The MaNishtana traditionally asks us, “What is unique or different about tonight?” and, “Why do we eat Matzah, why do we dip and eat Bitter Herbs not just once, but twice and why do we recline?” These elements are symbolic themes that mirror the reflection our ancestor’s liberation from slavery, the hardships they experienced and the oppression that infringed on their freedoms. Tonight at our GLBT Passover Seder we incorporate a fifth question and answer. “What is unique or different about tonight’s seder, why tonight do we have Pride?” Pride is a very symbolic word in the GLBT community. We use this word often and tonight we have the opportunity to demonstrate how proud we are of our sexual orientation and gender identity.

מַה נִּשְּׁתַּנָה הַלַּיְלָה הַזֶּה מִכָּל הַלֵּילוֹת!

שֶׁבְּכָל הַלֵּילוֹת אָנוּ אוֹכְלִין חָמֵץ וּמַצָּה, הַלַּיְלָה הַזֶּה כּוּלוֹ מַצָּה?
שֶׁבְּכָל הַלֵּילוֹת אָנוּ אוֹכְלִין שְׁאָר יְרָקוֹת, הַלַּיְלָה הַזֶּה מָרוֹר?
שֶׁבְּכָל הַלֵּילוֹת אֵין אֶנוּ מַטְבִּילִין אֲפִילוּ פַּעַם אֶחָת, הַלַּיְלָה הַזֶּה שְׁתֵּי פְעָמִים?
שֶׁבְּכָל הַלֵּילוֹת אָנוּ אוֹכְלִין בֵּין יוֹשְׁבִין וּבֵין מְסֻבִּין, הַלַּיְלָה הַזֶּה כֻּלָנו מְסֻבִּין?

שֶׁבְּכָל הַלֵּילוֹת סֵדֶר אָנוּ עוֹשִים סֵדֶר מָסָרְתִּי, הַלַּיְלָה הַזֶּה כֻּלָנוּ גַאִים?


Mah nish-ta-na ha-lai-lah ha-zeh mi-kol ha-lei-lot!

Sheh-beh-chol ha-lei-lot a-nu och-lin ha-metz u-matzah.

Ha-lai-lah ha-zeh, ku-lo matzah?

Sheh-beh-chol ha-lei-lot a-nu och-lin sh’ar y’ra-kot.

Ha-lai-lah ha-zeh, maror?

Sheh-beh-chol ha-lei-lot ein a-nu mat-bi-lin a-fi-lu pa-am e-hat.

Ha-lai-lah ha-zeh, sh-tei fi-ah-mim?

Sheh-beh-chol ha-lei-lot a-nu och-lin bayn yosh-vin ou-vein mis-u-bin.

Ha-lai-lah ha-zeh, ku-la-nu mis-u-bin?

Sheh-beh-chol ha-lei-lot sed-er a-nu o-seem sed-er ma-sar-ti.

Ha-lai-lah ha-zeh, ku-la-nu ga-im?


Why is this night different from all other nights!

On all other nights we eat either leavened bread or matzah.

Why, on this night, do we eat only matzah?


On all other nights we eat all kinds of herbs.

Why, on this night, do we eat only bitter herbs?


On all other nights we do not dip herbs.

Why, on this night, do we dip them twice?


On all other nights we eat sitting or reclining on pillows.

Why, on this night, do we eat only reclining upon pillows?


On all other Seder nights we do a traditional Seder.

Why, on this night, do we have Pride?  


The Five Answers

Speaker 1: We were slaves in Egypt. Our ancestor in flight from Egypt did not have time to let the dough rise. With not a moment to spare they snatched up the dough they had prepared and fled. But the hot sun beat as they carried the dough along with them and baked it into the flat unleavened bread we call matzah.

Speaker 2: The first time we dip our greens to taste the brine of enslavement. We also dip to remind ourselves of all life and growth, of earth and sea, which gives us sustenance and comes to life again in the springtime.

Speaker 3: The second time we dip the maror into the charoset. The charoset reminds us of the mortar that our ancestors mixed as slaves in Egypt. But our charoset is made of fruit and nuts, to show us that our ancestors were able to withstand the bitterness of slavery because it was sweetened by the hope of freedom.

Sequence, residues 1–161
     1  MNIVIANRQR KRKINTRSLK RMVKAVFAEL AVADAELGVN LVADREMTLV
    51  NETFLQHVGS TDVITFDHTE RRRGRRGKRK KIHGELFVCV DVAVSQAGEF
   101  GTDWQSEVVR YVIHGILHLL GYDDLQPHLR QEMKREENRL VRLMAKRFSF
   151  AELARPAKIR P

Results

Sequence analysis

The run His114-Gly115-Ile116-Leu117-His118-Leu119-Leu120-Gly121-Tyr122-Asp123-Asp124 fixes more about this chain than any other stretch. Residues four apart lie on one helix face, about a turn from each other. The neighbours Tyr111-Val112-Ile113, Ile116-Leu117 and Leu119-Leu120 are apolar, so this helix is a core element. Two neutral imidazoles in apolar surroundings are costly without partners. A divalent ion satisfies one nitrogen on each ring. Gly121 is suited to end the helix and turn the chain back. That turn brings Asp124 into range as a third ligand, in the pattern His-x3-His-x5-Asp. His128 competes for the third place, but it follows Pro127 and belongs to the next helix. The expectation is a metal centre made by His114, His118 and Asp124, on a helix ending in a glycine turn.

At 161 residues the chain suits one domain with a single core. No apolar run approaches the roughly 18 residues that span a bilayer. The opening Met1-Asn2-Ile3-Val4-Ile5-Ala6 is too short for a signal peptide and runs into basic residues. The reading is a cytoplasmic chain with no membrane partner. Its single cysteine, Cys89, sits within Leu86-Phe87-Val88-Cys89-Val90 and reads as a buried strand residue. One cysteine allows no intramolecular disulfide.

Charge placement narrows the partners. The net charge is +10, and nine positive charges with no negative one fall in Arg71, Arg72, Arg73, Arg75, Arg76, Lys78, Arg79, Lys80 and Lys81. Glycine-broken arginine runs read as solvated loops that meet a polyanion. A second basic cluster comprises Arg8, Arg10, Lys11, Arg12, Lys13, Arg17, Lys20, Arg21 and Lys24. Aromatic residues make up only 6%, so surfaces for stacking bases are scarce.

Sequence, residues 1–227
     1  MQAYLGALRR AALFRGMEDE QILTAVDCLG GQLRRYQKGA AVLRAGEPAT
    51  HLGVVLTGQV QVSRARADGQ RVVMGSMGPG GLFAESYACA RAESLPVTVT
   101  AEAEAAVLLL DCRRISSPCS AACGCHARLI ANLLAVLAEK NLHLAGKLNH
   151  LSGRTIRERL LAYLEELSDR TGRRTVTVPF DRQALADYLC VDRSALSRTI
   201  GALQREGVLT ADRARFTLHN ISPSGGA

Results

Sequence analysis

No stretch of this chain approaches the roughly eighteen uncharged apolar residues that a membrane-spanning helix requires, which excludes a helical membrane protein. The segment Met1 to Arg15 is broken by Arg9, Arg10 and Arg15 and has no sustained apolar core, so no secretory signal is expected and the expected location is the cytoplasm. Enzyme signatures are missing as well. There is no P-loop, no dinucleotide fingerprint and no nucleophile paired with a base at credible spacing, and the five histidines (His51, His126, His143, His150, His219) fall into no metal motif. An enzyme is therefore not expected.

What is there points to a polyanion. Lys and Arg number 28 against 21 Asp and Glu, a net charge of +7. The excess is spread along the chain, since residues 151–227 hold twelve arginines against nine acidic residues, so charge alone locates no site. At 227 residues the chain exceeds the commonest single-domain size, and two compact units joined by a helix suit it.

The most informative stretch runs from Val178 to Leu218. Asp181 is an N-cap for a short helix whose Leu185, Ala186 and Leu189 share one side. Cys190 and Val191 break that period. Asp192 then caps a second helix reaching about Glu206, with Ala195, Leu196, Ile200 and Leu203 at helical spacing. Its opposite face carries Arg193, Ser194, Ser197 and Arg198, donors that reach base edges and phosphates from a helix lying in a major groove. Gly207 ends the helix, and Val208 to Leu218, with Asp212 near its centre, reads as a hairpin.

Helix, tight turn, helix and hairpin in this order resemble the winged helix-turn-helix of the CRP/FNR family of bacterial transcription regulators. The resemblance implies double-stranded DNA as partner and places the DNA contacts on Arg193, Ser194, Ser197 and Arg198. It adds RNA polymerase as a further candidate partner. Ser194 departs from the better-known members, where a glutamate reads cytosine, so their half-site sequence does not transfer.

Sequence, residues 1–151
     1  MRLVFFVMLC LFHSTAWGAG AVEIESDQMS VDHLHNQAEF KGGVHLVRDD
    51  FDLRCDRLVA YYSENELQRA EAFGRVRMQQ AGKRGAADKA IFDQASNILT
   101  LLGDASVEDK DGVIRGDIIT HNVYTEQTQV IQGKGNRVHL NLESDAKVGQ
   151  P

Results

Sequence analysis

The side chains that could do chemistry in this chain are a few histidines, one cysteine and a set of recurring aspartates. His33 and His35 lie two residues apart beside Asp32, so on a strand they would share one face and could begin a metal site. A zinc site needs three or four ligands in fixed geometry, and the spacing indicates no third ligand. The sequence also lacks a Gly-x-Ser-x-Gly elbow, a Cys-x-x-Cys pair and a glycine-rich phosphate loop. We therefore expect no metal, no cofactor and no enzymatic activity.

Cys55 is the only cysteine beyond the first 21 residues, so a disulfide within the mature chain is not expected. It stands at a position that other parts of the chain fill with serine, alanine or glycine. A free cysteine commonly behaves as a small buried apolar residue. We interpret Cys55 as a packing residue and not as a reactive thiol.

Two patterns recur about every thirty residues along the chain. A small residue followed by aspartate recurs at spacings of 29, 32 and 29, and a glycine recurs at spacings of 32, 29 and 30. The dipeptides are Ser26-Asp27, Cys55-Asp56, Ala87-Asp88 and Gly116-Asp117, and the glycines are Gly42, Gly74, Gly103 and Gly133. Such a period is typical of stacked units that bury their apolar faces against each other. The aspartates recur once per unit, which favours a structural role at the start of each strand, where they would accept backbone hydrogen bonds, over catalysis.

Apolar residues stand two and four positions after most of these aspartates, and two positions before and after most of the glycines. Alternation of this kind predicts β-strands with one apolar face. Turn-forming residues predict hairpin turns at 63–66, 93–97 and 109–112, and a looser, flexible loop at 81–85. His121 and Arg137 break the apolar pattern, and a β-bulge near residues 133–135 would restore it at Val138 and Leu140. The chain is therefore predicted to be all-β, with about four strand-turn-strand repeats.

Speaker 4: Slaves were not allowed to rest, not even while they ate. Since our ancestors were freed from slavery, we recline to remind ourselves that we, like our ancestors, can overcome bondage in our own time. We also recline to remind ourselves that rest and rejuvenation are vital to continuing our struggles. We should take pleasure in reclining, even as we share our difficult history.

Speaker 5: We are proud to be gay, straight, lesbian, bi, transgendered, queer and everything else under the rainbow. And all of us together here, add meaning to an age old Jewish tradition and for that we have pride. As a community we have come far, and while we are not done with our struggle, we should reflect proudly on our accomplishments as we celebrate here tonight at our GLBT Passover Seder.


Source : Original
•Reader:  In Exodus, there are a lot of laws that pertain differently to natives, or “ezrah” and sojourners, or “ger.”  The word “ezrah” is literally a kind of plant, probably a grapevine.  Metaphorically, it means something like “nurtured by the soil.”  The fact that native Israelites are referred to as “grapevines” says a lot about the importance of grapes and wine in our culture. •Questioner: Why are we obligated to drink four cups of wine?

•Reader: There are many reasons proposed. Here are the ones from the Hagaddah and from three different Jewish sages

•Reader:  The Hagaddah says:  With each cup, we recall the four different promises of freedom that God gave our people:  “I will free you from the burdens of the Egyptians,” “I will deliver you from their bondage,” “I will redeem you with an outstretched arm,” and “I will take you to be my people.” •Reader:  The Vilna Gaon says: They relate to the four worlds: this world, the messianic age, the world at the time of the revival of the dead, and the world to come. •Reader: The Maharal says: They refer to the four matriarchs, Sarah, Rebecca, Rachel, and Leah •Reader: The Abarbanel says: They refer to the four redemptions of the Jewish people: the choosing of Abraham, the Exodus from Egypt, survival during the Diaspora, and the final redemption to come. •Questioner:  What other reasons are there? (discussion)   Red or White?  

•Reader:  Traditionally, Ashkenazi Jews drank white wine at the Seder, while Sephardic Jews drank red wine. 

•Reader:  During the Middle Ages,  Jews in Christian countries were accused of drinking human blood at the Seder (the “blood libel”).  To avoid even the appearance of this, Ashkenazi Jews switched to white wine.   Kiddush  

•Reader:  You have called us for service from among the peoples, and have hallowed our lives with commandments. In love you have given us festivals for rejoicing, seasons of celebration, this Festival of Matzah, the time of our freedom, a commemoration of the Exodus from Egypt. Praised are you, Adonai, who gave us this joyful heritage.

•Everyone: Baruch Atah Adonai Eloheinu Meleh ha-olam borei p’ri ha-gafen •Reader: We praise You, O God, Sovereign of Existence, Who creates the fruit of the vine.